VARIATION IN QUALITY OF COMPOSTED GREEN WASTES OF UK ORIGIN AND THEIR SUITABILITY FOR INCLUSION IN GROWING MEDIA
Great variation in physical and chemical characteristics was evident in a comprehensive survey of composted green wastes from the UK. Variations in bulk density, organic matter and plant nutrients, notably nitrate were seen. The levels of nitrate in the samples varied considerably from 469 mg/L (± 2.7 mg/L) to negligible amounts in other samples. From fifteen samples surveyed four were chosen as candidates for inclusion in growing media. The germination and growth of tomatoes and lettuce was linked to the physical and chemical characteristics of peat media amended with composted green waste. In some, poor plant growth was evident at concentrations of composted green waste as low as 20%: in others seedling growth was acceptable at concentrations of composted green waste as high as 70%. Clearly the adoption of good practice, for example 'The Composting Industry Code of Practise' by producers of composted green waste advocated by The Composting Association, would enhance the use of this material by manufacturers of growing media.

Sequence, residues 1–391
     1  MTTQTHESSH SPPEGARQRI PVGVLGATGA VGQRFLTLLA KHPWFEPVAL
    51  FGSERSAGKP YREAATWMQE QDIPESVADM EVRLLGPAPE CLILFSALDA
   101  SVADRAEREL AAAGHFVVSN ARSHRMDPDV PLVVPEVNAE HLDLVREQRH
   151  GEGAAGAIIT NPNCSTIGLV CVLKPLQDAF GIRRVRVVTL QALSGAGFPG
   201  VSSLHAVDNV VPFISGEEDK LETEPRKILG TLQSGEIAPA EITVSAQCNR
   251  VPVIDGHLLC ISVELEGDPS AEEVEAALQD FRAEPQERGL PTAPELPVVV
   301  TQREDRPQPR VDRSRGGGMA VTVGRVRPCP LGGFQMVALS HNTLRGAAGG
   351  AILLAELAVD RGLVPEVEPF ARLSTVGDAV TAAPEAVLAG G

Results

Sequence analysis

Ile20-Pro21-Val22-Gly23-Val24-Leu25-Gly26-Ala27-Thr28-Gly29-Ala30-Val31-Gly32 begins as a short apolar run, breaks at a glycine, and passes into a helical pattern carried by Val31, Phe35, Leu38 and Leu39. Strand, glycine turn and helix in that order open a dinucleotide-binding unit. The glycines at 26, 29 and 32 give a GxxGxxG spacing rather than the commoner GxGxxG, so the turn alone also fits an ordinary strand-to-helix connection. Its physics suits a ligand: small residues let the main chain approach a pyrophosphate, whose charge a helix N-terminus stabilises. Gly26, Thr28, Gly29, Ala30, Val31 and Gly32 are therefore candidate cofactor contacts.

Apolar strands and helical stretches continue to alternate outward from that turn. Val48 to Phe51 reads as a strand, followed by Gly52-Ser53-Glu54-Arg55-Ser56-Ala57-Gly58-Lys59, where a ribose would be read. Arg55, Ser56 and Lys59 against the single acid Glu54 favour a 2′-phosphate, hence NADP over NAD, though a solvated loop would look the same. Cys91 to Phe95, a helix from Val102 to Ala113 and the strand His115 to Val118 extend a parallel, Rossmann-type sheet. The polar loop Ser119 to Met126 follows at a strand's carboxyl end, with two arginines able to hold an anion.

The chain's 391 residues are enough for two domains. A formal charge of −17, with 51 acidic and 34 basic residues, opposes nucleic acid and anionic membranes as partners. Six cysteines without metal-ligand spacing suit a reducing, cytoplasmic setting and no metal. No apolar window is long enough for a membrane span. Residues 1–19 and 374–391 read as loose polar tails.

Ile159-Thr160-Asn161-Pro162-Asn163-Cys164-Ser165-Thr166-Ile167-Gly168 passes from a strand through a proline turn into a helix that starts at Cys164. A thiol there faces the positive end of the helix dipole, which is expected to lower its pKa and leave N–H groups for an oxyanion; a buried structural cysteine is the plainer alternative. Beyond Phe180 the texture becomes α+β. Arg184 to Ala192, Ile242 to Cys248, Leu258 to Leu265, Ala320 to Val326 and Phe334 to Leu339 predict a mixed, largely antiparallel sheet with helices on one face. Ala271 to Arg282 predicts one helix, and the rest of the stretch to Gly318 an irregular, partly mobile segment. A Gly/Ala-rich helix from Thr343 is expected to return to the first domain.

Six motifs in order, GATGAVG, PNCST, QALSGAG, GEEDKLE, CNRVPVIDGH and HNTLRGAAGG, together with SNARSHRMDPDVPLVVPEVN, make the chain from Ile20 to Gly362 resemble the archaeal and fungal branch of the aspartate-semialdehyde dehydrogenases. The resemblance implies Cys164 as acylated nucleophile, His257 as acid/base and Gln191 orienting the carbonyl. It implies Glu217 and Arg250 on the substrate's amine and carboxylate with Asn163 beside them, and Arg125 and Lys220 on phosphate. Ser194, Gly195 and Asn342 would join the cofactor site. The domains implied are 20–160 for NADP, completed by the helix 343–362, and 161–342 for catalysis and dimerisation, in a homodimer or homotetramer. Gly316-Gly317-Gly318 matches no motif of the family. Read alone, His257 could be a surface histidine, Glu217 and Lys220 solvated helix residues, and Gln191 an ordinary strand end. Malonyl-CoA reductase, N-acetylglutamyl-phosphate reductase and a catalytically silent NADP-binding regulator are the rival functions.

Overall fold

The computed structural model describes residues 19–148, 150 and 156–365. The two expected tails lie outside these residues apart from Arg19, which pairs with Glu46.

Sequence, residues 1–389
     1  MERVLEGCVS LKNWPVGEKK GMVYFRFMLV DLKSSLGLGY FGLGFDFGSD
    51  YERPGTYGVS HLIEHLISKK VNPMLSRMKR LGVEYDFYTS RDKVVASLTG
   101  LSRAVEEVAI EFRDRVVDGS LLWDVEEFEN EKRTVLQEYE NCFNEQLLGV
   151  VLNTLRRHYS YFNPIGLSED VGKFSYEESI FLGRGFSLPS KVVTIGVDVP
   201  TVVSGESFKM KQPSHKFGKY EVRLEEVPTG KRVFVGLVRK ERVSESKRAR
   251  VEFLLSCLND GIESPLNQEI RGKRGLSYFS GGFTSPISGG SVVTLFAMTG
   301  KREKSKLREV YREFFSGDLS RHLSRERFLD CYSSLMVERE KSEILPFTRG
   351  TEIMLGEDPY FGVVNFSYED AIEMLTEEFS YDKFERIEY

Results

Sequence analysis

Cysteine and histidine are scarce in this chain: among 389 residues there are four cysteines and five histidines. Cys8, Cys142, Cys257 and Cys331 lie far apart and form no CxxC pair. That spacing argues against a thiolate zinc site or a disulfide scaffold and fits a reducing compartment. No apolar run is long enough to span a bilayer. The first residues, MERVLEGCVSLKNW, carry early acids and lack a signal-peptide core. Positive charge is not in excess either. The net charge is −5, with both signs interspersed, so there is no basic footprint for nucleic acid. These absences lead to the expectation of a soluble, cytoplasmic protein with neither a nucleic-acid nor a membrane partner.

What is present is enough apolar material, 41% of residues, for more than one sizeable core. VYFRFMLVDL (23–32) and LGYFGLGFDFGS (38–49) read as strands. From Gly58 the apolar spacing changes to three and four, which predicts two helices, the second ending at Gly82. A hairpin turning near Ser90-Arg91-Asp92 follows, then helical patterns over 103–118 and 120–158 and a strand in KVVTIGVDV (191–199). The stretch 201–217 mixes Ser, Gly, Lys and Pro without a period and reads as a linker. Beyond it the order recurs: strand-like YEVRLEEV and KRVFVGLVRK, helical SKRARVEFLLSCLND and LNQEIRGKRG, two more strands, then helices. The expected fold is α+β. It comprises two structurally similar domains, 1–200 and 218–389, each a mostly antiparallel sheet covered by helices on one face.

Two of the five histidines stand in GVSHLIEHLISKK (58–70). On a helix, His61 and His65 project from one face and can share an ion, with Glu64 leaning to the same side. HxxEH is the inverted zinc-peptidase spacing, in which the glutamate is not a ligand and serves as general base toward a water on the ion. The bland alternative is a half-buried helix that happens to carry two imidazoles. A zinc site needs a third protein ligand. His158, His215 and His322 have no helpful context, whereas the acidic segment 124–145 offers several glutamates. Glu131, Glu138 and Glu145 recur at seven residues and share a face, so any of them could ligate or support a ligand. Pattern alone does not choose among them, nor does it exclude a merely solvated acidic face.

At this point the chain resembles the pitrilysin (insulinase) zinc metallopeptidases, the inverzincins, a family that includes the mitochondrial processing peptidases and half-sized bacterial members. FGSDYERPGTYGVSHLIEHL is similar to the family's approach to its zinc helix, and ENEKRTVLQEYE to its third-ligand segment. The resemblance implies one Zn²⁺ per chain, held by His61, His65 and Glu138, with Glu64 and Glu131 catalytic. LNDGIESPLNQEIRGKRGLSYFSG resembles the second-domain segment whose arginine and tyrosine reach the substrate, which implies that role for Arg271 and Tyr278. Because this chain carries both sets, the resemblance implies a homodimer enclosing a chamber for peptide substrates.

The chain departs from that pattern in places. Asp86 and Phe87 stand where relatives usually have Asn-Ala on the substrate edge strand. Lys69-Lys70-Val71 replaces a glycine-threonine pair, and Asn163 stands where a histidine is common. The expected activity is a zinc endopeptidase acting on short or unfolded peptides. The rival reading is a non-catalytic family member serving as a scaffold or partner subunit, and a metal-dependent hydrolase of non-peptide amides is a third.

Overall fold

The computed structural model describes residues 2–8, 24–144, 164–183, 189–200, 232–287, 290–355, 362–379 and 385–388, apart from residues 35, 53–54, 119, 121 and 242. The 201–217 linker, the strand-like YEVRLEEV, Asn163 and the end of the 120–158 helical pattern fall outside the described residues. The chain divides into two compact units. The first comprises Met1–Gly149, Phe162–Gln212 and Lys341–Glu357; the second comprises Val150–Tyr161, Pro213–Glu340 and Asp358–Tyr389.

Surrage, V.A. and Carlile, W.R. (2008). VARIATION IN QUALITY OF COMPOSTED GREEN WASTES OF UK ORIGIN AND THEIR SUITABILITY FOR INCLUSION IN GROWING MEDIA. Acta Hortic. 779, 631-636
peat alternative, growth trials, physical and chemical characteristics, good practice